6 years ago
Last week the United States military pulled out of the Korengal Valley in eastern Afghanistan. Six miles long, sparsely populated and of dubious strategic value, the Korengal was the scene of some of the most relentless fighting of the Afghan war. American forces have been there in one form or another since the summer of 2005, when Taliban fighters cornered a four-man Navy Seal team on a nearby mountain and killed three of them. They then shot down a Chinook helicopter with 16 commandos on board. All of them died.
For much of 2007 and 2008, I was an embedded reporter with a platoon of airborne infantry at a remote outpost called Restrepo, which was attacked up to four times a day. Many soldiers had creases in their uniforms from bullets that had brushed them. In one firefight a bullet hit a sandbag six inches from my head.
The psychological pressure was enormous. “I’ve only been here for four months and I can’t believe how messed up I am,” one soldier told me. “I went to the counselor and he asked if I smoked cigarettes and I told him no and he said, ‘Well, you may want to think about starting.’”
There were around 20 men at Restrepo — part of a 150-member unit called Battle Company of the 173rd Airborne Brigade Combat Team — and the possibility of getting overrun by the enemy was openly discussed. The men slept next to their guns and sometimes with their boots on. More than 40 American soldiers have died in the Korengal Valley.
Now, the military has retreated, saying that the valley is too isolated and that the American presence was possibly pushing the locals to side with the Taliban. This raises some questions: If the Korengal was really worth fighting for, why would we ever pull out? Or, conversely, why did we go there in the first place? Like the soldiers at Restrepo, I was looking at the war through a tiny keyhole, and have no way to answer such overarching questions. But I do know that several important points must be acknowledged.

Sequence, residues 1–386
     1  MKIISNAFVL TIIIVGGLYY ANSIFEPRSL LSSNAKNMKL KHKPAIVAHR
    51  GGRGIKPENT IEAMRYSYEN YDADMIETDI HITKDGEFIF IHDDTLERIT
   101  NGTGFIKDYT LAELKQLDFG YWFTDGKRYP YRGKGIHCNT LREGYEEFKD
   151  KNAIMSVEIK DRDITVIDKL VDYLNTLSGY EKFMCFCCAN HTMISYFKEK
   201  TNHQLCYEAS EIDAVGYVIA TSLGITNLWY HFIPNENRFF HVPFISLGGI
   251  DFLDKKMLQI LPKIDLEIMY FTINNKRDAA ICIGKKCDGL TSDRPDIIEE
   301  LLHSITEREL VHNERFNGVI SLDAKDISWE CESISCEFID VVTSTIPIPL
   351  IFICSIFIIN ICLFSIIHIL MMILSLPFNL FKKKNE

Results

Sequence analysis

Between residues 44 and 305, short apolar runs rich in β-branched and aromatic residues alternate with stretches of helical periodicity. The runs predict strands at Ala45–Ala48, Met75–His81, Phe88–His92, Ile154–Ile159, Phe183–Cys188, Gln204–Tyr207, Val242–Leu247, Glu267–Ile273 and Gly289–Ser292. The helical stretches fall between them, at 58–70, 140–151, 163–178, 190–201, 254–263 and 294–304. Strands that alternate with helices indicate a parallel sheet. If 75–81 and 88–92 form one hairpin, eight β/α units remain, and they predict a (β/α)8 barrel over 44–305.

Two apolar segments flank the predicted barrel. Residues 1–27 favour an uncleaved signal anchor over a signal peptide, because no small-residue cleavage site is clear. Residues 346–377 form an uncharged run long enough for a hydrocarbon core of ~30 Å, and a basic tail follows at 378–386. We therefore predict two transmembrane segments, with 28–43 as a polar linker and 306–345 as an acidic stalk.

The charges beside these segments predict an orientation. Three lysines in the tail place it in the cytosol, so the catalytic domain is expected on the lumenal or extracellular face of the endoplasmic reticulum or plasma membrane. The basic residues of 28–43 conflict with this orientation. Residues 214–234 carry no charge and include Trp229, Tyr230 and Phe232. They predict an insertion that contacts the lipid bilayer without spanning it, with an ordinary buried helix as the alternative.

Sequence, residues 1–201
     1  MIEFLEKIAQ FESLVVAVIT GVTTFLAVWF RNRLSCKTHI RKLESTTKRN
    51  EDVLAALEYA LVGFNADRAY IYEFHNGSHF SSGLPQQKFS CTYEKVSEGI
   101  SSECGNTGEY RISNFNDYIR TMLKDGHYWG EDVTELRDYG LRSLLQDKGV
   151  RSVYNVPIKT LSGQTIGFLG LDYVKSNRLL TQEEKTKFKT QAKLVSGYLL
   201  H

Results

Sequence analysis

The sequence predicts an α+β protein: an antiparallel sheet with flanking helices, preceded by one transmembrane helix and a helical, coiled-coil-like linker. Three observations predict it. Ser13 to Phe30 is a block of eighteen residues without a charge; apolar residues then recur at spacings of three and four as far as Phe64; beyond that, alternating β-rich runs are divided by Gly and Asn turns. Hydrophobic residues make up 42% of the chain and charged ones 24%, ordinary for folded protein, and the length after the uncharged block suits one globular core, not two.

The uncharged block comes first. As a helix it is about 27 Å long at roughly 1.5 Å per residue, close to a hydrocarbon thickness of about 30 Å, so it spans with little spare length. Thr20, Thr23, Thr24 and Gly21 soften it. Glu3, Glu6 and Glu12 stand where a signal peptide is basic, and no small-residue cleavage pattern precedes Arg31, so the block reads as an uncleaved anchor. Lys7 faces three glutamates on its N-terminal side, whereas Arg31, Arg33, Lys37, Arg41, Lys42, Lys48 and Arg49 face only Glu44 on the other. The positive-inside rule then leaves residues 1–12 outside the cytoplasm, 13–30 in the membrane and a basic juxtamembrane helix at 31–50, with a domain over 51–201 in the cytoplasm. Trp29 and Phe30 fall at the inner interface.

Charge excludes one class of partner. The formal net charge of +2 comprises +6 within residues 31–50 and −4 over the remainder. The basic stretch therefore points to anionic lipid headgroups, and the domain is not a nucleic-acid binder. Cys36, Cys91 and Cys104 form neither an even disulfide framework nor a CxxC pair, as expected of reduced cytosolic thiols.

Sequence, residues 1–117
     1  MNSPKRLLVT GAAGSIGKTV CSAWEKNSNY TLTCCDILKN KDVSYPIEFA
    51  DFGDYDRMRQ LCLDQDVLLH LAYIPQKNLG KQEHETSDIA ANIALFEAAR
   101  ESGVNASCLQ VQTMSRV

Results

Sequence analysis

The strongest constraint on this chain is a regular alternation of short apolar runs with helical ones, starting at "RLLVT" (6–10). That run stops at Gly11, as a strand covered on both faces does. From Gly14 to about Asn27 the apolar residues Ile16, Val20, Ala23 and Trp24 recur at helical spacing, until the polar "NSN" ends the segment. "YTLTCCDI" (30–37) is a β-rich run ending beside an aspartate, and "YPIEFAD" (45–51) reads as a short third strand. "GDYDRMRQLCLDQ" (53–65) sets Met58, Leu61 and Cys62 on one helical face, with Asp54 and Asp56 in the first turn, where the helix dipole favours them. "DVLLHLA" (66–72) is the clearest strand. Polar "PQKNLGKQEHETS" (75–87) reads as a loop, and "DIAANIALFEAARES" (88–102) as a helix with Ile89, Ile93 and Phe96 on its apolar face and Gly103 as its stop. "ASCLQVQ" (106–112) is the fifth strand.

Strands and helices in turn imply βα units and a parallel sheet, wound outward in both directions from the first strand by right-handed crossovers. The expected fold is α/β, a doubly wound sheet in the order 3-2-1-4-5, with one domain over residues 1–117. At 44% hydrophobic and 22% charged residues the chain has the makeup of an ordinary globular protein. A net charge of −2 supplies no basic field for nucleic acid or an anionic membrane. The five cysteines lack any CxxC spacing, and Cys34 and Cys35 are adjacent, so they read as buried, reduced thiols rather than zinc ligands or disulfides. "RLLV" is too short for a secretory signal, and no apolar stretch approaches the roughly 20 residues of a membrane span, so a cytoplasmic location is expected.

First, a significant proportion of enemy fighters in the Korengal were foreigners who had come to Afghanistan to wage jihad. There were Pakistani cellphone numbers painted on rocks around the valley as a recruiting tool for potential volunteers; there were Arabic graffiti urging local men to join the fight. These foreigners presumably would have fought the Americans wherever they found them; if we had avoided the Korengal they would simply have shifted the battle elsewhere. (To a better place? A worse one? I doubt even the Taliban could say.)
Furthermore, I was told that one of the reasons for establishing a base in the Korengal was to prevent militants from using the valley to stage attacks on the vastly more important Pech River Valley, immediately to the north. The Pech was a major corridor for moving men and supplies, and after American bases were established in the Korengal, attacks at Pech dropped off significantly. The Korengal may not have been important per se, but arguably the Pech was, and there may have been no way to strategically separate the two.
At the beginning of the commentary, Sabastian Junger judges Korengal of dubious strategic value. By the end of the seventh paragraph he has carefully crafted a good case for its unmatched strategic value. Similarly, I said:
… until the places where the religiously-motivated and hard core fighters are taken on head-to-head, his means of rest and recruitment denied him, and his largesse taken away from him, this counterinsurgency cannot be won. While they are unmolested in their favorite places, they can continue to send insurgents into the cities – Kandahar, Jalalabad and Kabul.
DVIDS published several videos of the dis-assembly of Korengal (here and here), but they aren’t as interesting as one published by al Jazeera which shows the Taliban swarming over the remains of the COP.
So why wasn’t a drone re-tasked to keep watch over the remains of the COP, and monitor the presence of enemy fighters and kill them while congregated in the COP? This is yet another missed opportunity.
On a slightly different front, the Asia Times has an article up by Brian M Downing in which it is suggested that the reason for the insurgency was the presence of U.S. troops. The solution? Withdraw, just like we have done. The culmination of this logic is to withdraw all U.S. forces from everywhere there is global or transnational insurgency, and presto – the fighters will disappear, never to cause problems anywhere.
With idiotic commentaries like this one (and others recently by anti-American Gareth Porter), the Asia Times is turning into a laughingstock, and is increasingly not worth the time, even for canvassing Taliban propaganda (which is the main reason I study this site).
Make no mistake about it. This withdrawal is harmful to U.S. interests.
Prior: Withdrawal from Korengal